• ■ Social studies prepares the nation’s young people for college, careers, and civic life.
  • ■ Inquiry is at the heart of social studies.
  • ■ Social studies involves interdisciplinary applications and welcomes integration of the arts and humanities.
  • ■ Social studies is composed of deep and enduring understandings, concepts, and skills from the disciplines. Social studies emphasizes skills and practices as preparation for democratic decision-making.
  • ■ Social studies education should have direct and explicit connections to the Common Core State Standards for English Language Arts and Literacy in History/Social Studies. (Herczog, 2013, p. viii)
The foundation of the C3 Framework is its focus on the inquiry arc using four dimensions:
  1. Developing Questions and Planning Inquiries
  2. Applying Disciplinary Concepts and Tools
  3. Evaluating Sources and Using Evidence
  4. Communicating Conclusions and Taking Informed Action (NCSS, 2013).
Dimension 1 focuses on teachers or students creating compelling and supporting questions to frame a unit or lesson, and then determining helpful sources to answer that question. This dimension guided the lesson plan organization for this book as each lesson begins with an organizing question. In each lesson, teachers present the organizing question to their students; however, allowing students to generate their own questions is also an effective inquiry strategy. Dimension 2 targets the four content areas of civics, economics, geography, and history as “lenses students use in their inquiries” (NCSS, 2013, p. 29). This book focuses on history content and skills through student exploration of the story of United States history. Dimension 3, evaluating sources and evidence, includes gathering and evaluating sources, developing claims, and using evidence. Each lesson requires students to read and analyze a variety of primary sources as evidence that they will use to answer the organizing question. Dimension 4 involves students communicating and critiquing conclusions. Although the lessons in this book require students to develop a hypothesis and share it with the class, teachers ultimately have the flexibility to plan how the communication of conclusions will occur (i.e., the product for the lesson).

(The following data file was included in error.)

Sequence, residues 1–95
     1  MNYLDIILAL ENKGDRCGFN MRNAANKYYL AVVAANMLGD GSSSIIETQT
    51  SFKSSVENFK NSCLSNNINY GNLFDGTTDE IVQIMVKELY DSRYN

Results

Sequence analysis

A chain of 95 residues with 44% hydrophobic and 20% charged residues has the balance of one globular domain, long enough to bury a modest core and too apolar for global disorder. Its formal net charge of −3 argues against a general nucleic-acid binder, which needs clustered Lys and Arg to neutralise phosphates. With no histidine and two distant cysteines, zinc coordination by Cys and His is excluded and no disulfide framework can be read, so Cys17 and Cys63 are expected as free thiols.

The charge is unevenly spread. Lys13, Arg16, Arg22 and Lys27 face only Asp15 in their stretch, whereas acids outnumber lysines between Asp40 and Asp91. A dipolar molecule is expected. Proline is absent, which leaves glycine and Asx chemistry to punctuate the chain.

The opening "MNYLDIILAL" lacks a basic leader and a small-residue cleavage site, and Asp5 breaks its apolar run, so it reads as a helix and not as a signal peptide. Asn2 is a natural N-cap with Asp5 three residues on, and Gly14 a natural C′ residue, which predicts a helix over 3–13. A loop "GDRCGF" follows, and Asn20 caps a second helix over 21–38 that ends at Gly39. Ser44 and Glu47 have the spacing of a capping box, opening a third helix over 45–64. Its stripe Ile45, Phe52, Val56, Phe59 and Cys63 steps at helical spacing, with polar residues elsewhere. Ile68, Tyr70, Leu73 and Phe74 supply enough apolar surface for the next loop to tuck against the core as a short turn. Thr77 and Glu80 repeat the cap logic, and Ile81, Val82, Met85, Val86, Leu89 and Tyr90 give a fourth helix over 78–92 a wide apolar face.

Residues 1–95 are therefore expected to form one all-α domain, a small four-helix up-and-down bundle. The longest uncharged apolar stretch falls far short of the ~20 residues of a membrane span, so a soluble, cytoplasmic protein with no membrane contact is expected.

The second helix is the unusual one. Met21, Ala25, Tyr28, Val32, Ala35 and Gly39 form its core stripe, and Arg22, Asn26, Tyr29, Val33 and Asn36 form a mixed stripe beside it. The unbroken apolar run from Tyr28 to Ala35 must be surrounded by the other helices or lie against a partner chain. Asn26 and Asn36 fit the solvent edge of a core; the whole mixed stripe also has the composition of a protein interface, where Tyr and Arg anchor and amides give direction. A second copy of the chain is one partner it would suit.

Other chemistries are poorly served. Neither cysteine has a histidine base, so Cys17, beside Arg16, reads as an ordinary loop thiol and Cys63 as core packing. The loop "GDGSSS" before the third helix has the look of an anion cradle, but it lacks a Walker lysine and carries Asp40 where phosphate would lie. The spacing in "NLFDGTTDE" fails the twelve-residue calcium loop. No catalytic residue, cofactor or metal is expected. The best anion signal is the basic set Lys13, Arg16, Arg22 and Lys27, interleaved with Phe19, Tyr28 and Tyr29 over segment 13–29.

Gerwin and Zevin (2011) described the teacher’s role in teaching history through inquiry as follows:
First of all, encourage students to learn how to draw their own conclusions, and defend themselves against criticisms from other “detectives.” Each participant, in effect, becomes a partner, a team member, in an investigation to which all have a chance to contribute. And contributions, including your own, must be defended and supported by evidence, sources, references, and reasons. You can join in with more suggestions, questions, and pointers, but this must be done carefully so as not to destroy students’ sense of independent inquiry. (p. 21)
To successfully implement the lessons in this book, teachers must develop a classroom environment based in inquiry. Wineburg, Martin, and Monte-Sano (2013) expressed the importance of historical inquiry for 21st-century learners in this authentic way:
In an age where ‘I found it on the Internet’ masquerades as knowledge, history serves as a vital counterweight to intellectual sloppiness. When a video uploaded from a cellphone in Tehran reaches San Francisco in half a second, history reminds us to start with basic questions: Who sent it? Can it be trusted? What angle did the Flip Video miss? (p. ix)
The teacher is no longer the provider of knowledge but rather the facilitator of historical thinking. The strategies used in the lessons in this book help teachers achieve this.